Terrified woman left 'scared and nervous' by notes from man who served 25 years for murder of teenage girl
- Jill Bishop was 18 when she was killed in 1991 by Michael McLaughlin
- He showed no remorse and pleaded not guilty when charged with murder
- McLaughlin was released last July after serving a life sentence
- A teenager saw McLaughlin's picture in The Herald and said he approached her numerous times
- She said: 'How can someone do that to someone, go to prison for years, and then come out and start linking up with young women the same age as his victim?'
A DUBLIN teenager has spoken of her terror after she found out an older man who had slipped her his phone number was a convicted murderer who spent 25 years in prison for killing a girl her own age.
Michael McLaughlin (50) was released from his life sentence last year for the murder of 18-year-old Bray woman Jill Bishop.
He was arrested the day Jill’s body was found, showed no remorse, and pleaded not guilty when charged with murder.
The Bishop family had campaigned for a copy of his photograph to be circulated prior to his release from jail because they did not know what he
looked like and were fearful he could be standing beside them in the street and they would not know it.
They were also concerned that other women could be approached by McLaughlin, but be unaware of his violent past.
However, the Irish Prison Service told them it could not supply such a photograph under the Data Protection Act.
The Herald and Sunday World recently printed McLaughlin’s picture to alert the public.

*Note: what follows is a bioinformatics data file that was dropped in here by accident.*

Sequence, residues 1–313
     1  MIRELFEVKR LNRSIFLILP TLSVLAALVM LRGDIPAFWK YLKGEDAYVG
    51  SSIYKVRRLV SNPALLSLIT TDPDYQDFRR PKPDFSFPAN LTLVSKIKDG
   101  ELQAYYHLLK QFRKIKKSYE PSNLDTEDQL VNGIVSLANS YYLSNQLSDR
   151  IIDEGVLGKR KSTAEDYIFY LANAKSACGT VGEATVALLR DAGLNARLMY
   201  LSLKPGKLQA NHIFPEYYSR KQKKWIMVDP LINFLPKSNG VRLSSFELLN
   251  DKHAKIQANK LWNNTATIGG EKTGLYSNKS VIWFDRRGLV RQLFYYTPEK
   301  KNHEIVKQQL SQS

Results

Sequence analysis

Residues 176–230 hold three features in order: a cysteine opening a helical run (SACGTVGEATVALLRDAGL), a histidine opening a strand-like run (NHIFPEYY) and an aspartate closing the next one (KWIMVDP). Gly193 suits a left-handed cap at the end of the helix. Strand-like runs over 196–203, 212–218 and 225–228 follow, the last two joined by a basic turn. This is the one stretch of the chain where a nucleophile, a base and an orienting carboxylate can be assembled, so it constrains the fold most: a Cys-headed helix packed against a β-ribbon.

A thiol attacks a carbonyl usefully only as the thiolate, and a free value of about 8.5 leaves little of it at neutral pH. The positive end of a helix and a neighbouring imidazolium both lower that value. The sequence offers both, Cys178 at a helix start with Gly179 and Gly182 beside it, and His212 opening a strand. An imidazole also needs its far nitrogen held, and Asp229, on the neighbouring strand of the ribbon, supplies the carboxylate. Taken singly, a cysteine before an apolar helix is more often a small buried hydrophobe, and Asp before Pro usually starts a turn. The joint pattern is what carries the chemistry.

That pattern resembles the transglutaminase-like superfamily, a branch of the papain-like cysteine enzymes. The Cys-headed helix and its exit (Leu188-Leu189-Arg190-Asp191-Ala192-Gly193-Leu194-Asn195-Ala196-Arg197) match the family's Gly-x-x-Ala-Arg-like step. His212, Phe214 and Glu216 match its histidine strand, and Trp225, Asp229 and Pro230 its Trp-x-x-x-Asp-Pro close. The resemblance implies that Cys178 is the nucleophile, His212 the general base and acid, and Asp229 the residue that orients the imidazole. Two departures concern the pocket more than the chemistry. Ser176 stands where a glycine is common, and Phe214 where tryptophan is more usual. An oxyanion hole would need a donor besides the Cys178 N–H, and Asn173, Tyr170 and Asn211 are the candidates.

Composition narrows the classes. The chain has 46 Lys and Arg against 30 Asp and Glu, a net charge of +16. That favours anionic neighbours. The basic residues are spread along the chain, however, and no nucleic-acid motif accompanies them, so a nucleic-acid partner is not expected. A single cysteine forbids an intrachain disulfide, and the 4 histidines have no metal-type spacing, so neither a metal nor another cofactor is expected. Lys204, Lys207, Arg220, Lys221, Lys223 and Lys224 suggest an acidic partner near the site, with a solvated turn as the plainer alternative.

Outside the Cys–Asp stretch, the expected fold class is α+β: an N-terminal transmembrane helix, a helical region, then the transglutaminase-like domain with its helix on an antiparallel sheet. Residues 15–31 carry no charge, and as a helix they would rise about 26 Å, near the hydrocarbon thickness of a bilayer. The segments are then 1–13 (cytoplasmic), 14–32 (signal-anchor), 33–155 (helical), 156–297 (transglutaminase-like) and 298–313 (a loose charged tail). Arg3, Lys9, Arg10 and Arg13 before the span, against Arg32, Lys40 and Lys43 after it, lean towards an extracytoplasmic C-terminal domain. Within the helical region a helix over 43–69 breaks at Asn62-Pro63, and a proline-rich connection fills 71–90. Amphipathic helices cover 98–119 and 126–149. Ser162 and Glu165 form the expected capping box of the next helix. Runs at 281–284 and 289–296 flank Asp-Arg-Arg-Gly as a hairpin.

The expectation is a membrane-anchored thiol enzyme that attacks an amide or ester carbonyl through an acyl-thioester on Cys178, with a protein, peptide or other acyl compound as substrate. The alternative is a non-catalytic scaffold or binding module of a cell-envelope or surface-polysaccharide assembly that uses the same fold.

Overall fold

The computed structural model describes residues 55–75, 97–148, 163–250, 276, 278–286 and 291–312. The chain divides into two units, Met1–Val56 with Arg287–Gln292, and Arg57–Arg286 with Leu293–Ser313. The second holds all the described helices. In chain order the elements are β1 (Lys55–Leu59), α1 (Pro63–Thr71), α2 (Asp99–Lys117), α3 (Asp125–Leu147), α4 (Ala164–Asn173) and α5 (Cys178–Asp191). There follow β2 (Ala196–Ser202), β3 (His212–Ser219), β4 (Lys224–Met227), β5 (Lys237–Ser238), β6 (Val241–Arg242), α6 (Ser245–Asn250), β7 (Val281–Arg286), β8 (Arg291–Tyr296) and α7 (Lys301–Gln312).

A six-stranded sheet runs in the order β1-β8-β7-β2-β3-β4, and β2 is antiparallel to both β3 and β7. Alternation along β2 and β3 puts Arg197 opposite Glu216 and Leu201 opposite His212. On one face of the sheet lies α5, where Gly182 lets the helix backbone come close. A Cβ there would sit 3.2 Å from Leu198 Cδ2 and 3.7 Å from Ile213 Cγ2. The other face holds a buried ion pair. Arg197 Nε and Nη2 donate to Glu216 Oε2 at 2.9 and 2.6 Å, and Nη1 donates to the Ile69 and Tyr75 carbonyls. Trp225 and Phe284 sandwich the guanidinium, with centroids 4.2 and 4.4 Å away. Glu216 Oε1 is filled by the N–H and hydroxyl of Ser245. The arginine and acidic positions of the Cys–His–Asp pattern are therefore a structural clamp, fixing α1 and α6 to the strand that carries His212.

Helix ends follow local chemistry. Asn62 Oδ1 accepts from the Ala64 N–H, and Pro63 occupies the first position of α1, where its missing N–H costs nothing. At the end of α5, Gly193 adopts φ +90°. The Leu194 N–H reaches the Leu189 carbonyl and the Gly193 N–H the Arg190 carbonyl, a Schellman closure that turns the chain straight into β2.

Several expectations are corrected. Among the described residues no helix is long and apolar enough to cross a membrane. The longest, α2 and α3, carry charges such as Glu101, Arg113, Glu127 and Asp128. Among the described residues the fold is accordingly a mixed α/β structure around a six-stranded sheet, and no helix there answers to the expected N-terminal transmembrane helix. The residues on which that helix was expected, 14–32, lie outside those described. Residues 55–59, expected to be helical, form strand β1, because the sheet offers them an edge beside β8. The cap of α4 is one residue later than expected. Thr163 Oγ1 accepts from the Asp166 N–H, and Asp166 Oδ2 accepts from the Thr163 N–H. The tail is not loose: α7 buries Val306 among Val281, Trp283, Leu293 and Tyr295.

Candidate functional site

It was only when the Dublin teenager recently approached by McLaughlin saw his photograph in the Herald that she realised who he was.
She described how McLaughlin first started approaching her as she worked in a cafe north of Dublin city.
“In the cafe we would frequently get older men making comments like ‘if I was 20 years younger’ and that kind of thing, but it’s generally harmless banter,” said the teen.
“But this was different. There was something weird about him. It wasn’t just casual conversation. It was like ‘what do you do?’ and ‘what are your
hobbies?’ and ‘where are you going to college?’ and even ‘where do you live?’
“He would also wait until me or my friend were serving before approaching the counter. Around Christmas we were really busy and he came up the queue to the side of the counter and slipped a piece of paper to me. It was a phone number and a message saying ‘call after 2pm on a weekday – Mick’ and I thought it was weird,” she explained.
“My manager said I didn’t have to serve him any more. Then about two weeks later he was sitting in the lobby area and he called me over and said he didn’t want to make me feel uncomfortable by giving me his number, but asked me to call him,” she added.
McLaughlin persisted, and gave the girl a card at Easter time. The teen girl then noticed that she was spotting McLaughlin in other places, such as the city centre, where he would approach her and shake her hand and try to initiate conversation.
“I would try to be polite and not make a scene,” she said. When the Herald published McLaughlin’s picture it was spotted by the girl’s friend and
she drew her attention to it.
“I was very upset over it, and for the girl he had killed,” said the teen. “How can someone do that to someone, go to prison for years, and then come out and start linking up with young women the same age as his victim. Has he learned nothing?”
The teen added: “Now I find I’m looking up and down the road and it is nerve-wracking.
“We’ve communicated with gardai about this and the message we got back was they are aware of McLaughlin but can’t do anything unless he is harassing someone. But I’m scared and nervous. What awful thing does he need to do to someone before gardai consider him a risk?”
The family of Jill Bishop said they believe he hasn’t learned anything from his 25 years behind bars.
“He is a prowler and a stalker,” said Jill’s father Ciaran.
“The struggle we have had to get a photograph of this man out in the public, which in the end came through the media, has proved our fears that he would try to get involved with other women.”
Ciaran told the Herald that he believes all serious criminals should be tagged on release from prison.
“In this day and age of technology, it would not be difficult to do, and at least then their movements could be monitored,” he added.